Wednesday, February 24, 2016

My Affinity With Unity 3D


As part of the graduate course work in INTE 5320 at University of Colorado Denver, and continued scholarship in games & learning, I’m sharing my experiences as a participant in an affinity space about games and games & learning. This is an ongoing project focused on affinity spaces and participatory cultures with syntheses of theory and the works of James Paul Gee and Elizabeth Hayes “Nurturing Affinity Spaces and Game-Based Learning.”


I’m a gamer, game artist, and wanna-be game creator or developer. I’ve “paid my dues” so to speak as an artist in the game industry for six plus years (see example of work here). There were moments of incredible satisfaction and joy in work. But since the mobile game market exploded (sometime between the iPhone 3 and 4), I can say my interest in the types of games I’m willing to be part of has dramatically declined. I started to ask myself why? Why would I want to spend my day making sprites for monotonous and boring clicker games? As an artist and gamer, I crave big worlds rich in beauty and steeped in history. But above all else, I want my work to mean something. I didn’t want to wake up one day and realize I spent my entire career making graphics for enhanced frontal lobotomies. I’m still on a five year hiatus from working full time in the games industry. I’ve been on a search for meaning and purpose beyond the bottom line, which brought me to University of Colorado Denver to study, among many other things, games and learning or GBL. My hope for games, in particular digital games, has been renewed. As I progress through my career as an instructional designer, I really hope I have the chance to be a part of a digital game development team once again, with a focus on education and value for human development.

Source:Unity Community

The Affinity Space Unity Community

To be more engaged with the video game development community again, I chose to take a closer look at Unity Community as an affinity space about the engine and games in general. I have used this engine before for a couple of brief projects but nothing too fancy. However what I do know about the engine is that it’s very intuitive and easy to learn with a robust community of avid players, tinkerers, and developers. There are also local developers in Colorado that I have worked with before who are using Unity to make games, as well as Colorado Unity Dev’s, who may offer a more face to face encounter with an affinity space about Unity.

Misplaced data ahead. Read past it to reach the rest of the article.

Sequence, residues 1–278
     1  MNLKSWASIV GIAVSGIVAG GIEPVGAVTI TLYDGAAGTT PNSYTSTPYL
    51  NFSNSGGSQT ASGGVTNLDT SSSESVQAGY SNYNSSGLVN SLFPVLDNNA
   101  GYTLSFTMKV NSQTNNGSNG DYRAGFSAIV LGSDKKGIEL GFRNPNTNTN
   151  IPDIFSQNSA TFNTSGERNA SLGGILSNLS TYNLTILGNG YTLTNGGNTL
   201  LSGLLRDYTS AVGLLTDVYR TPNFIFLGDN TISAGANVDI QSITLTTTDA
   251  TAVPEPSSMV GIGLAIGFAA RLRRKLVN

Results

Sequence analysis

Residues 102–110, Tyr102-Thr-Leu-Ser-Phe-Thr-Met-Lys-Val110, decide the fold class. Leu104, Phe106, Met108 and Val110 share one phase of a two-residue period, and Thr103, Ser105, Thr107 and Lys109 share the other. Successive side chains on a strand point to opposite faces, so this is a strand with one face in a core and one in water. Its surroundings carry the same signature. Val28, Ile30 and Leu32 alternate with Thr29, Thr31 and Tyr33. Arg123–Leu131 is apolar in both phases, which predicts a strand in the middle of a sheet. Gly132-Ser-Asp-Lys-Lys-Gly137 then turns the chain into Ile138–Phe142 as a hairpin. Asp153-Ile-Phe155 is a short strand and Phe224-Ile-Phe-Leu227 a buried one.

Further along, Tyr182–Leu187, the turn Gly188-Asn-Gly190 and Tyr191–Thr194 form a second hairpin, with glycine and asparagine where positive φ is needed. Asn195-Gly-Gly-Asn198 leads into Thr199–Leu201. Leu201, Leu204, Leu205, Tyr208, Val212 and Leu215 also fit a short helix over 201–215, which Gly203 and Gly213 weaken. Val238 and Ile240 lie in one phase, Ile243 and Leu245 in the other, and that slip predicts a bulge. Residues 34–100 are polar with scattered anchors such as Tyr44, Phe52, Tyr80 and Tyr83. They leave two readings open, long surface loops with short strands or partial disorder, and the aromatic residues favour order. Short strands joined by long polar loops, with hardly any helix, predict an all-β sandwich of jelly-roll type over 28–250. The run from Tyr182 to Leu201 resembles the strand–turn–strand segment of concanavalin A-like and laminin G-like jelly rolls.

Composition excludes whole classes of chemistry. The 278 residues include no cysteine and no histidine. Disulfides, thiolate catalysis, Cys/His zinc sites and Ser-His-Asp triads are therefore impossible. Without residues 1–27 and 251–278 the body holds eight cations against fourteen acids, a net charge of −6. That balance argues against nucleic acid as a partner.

The Unity Community offers many forums for discussion, but of primary focus for games and learning, I will participate in “Game Design,” “Teaching,” and “Works in Progress.” These forums offer rich opportunities to observe, learn, interact, reflect, and develop a sense of identity through participation in the affinity space. Although the ultimate goal of interacting with this space is educational in nature, I hope that I would have learnt enough about Unity to begin to create a game of my own interest-driven choice. My creations will further enhance my ability to participate in the space. I will no longer be observing and commenting, but actively contributing content. Which of course, community members are open to critique, in turn, offering a unique chance for myself to reflect upon my own learning experience.

Initial Impressions

I’ve only been involved with Unity Community for a couple of weeks. Because I’m not a prolific and well versed Unity developer, and because game design isn't my day job, I’m initially prone to being more observational in nature. If I was neck deep in a game and needed help figuring some nuances out, my engagement in this affinity space would probably be different. I’m a casual member only at this time. This gives me the luxury of being very intentional. I dove into the “Game Design” forum first to observe discussions about games. A thread already caught my eye as being directly relatable to course readings for INTE 5320. In cycle 3 of course readings in the Games & Learning course at UC Denver, there’s been lot’s of discussion about Ian Bogost and “Gamification is Bullshit.” Gigiwoo, a member of Unity Community, started a thread titled “[Discuss] The Design of Clicker Games!” In his initial post he mentioned Ian Bogost and his Cow Clicker game, a game that was inspired by sadistic satire of social games. Gigiwoo mentioned that clicker games, or “incremental games,” have become their own genre and he wants to know what we can learn from them. The thread of comments looks pretty impressive and people are really adding their critique of the genre seriously. It’s this ability to connect with other designers or developers who have so much experience and history with games that makes Unity Community compelling to me. I can’t wait to see what I will learn, who I will meet, and what I will do with this affinity space.